What that means is that some people will lose relatively more fat on higher vs. lower fat diets, and vice versa. How do you know which one you are? Try both and see what is more satisfying for you. Personally, the sweet spot for me is around 40% carbs, 30% protein, and 25-30% fat as a range, which is considered low/moderate fat. I've also found this to work for many other people. From my perspective, it's easier to control calories with a low/moderate fat intake if you are actively looking to lose fat. If you are already lean, you can increase the fat calories to 40% or more, which is similar to the heart healthy Mediterranean diet. The challenge I find with higher fat diets in the 50-60% range like some variations of the paleo diet is I starving all the time. Again, it's not an exact science, so you need to see what works for you.

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  • George says:

    Thank's Mark, as always you have solved my doubts. I'll see what's best for me. Have a nice day!

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  • Scott says:

    I'd like to see more details on what to actually eat 6 times a day. I guess we're not talking a tin of beans for each meal. I'm putting everything into losing a lot of weight, and I've heard of 'grazing' before - it became functionally difficult for me I think. I wasn't sure what to have when.

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    • Marc Perry, CSCS, CPT says:

      @Scott - eating frequenly isn't for everyone and some people actually do better with intermittent fasting. With that said, I do think something simply like 3 meals and 1-2 snacks is very easy to keep up as long as you have your snacks predetermined/bought and you have a sense of meals you want. If you (1) don't know what meals you want to eat and (2) don't have snacks on hand, then eating more frequently can be very challenging. Here's a post that you may want to check out - Top 10 Fat Loss Foods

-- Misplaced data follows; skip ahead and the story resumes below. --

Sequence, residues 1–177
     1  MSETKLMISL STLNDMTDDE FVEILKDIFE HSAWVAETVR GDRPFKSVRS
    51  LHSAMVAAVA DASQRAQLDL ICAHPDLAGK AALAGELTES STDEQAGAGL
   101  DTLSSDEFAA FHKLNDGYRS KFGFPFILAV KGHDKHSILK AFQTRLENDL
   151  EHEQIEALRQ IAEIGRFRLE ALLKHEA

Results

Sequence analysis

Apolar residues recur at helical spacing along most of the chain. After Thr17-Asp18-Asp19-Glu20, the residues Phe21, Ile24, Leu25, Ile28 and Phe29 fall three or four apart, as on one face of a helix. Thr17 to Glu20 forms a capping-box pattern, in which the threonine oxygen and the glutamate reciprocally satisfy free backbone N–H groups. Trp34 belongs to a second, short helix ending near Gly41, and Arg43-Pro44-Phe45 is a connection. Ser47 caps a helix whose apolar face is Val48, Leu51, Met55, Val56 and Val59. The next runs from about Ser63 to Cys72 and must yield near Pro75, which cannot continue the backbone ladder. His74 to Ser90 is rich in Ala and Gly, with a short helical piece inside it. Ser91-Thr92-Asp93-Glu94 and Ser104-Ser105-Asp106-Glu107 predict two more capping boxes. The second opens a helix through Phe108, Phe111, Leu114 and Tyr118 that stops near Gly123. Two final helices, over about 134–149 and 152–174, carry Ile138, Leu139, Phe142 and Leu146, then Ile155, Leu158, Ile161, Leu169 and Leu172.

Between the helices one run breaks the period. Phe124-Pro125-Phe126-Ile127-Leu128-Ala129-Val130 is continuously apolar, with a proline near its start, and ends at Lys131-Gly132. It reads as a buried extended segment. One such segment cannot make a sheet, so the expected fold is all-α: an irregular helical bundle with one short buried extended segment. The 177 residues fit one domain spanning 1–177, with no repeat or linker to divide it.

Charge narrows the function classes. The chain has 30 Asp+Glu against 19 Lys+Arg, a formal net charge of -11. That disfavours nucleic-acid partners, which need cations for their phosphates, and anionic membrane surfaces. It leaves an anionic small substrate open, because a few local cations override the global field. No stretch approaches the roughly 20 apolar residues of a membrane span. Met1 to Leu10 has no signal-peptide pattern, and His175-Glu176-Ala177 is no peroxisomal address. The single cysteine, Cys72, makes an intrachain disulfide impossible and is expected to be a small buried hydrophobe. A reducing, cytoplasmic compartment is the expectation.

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  • Benedicte says:

    Hi Mark,

    Quick question! Would a fruit or two be sufficient for a snackmeal in the 6-meal-a-day plan?

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    • Marc Perry, CSCS, CPT says:

      @Benedicte - I don't see why not! That's pretty close to what I do.

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  • dan says:

    this article is non sense and has no scientific basis or legitimacy. look up intermittent fasting, which will give you amazing results and is a heck of a lot healthier and easier. i ate the frequent small meals that the fitness community preaches for years until i realized that that way may work it is not the most efficient or best way to go about things. if interested go to a site called leangains. mind. shattered.

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    • Marc Perry, CSCS, CPT says:

      @dan - and also added an "Update" at the bottom of the article.

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    • Marc Perry, CSCS, CPT says:

      @dan - I'm very familiar with LeanGains and intermittent fasting and have experimented with both. IF is not all roses though. I think you bring up a great point that this article (as I've previously stated in other comments) needs to be updated and will be updated. 95% of nutritionists recommend eating 3-5 meals/snacks per day and I don't think they are all stupid. They work every day with clients to see what works best and for MOST people (not everyone) 3-5 meals/snacks works well in my opinion. Again, will add a lot more info to the article.

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  • B.B. says:

    You could certainly see your skills within the work you write. The sector hopes for even more passionate writers like you who are not afraid to say how they believe. All the time go after your heart.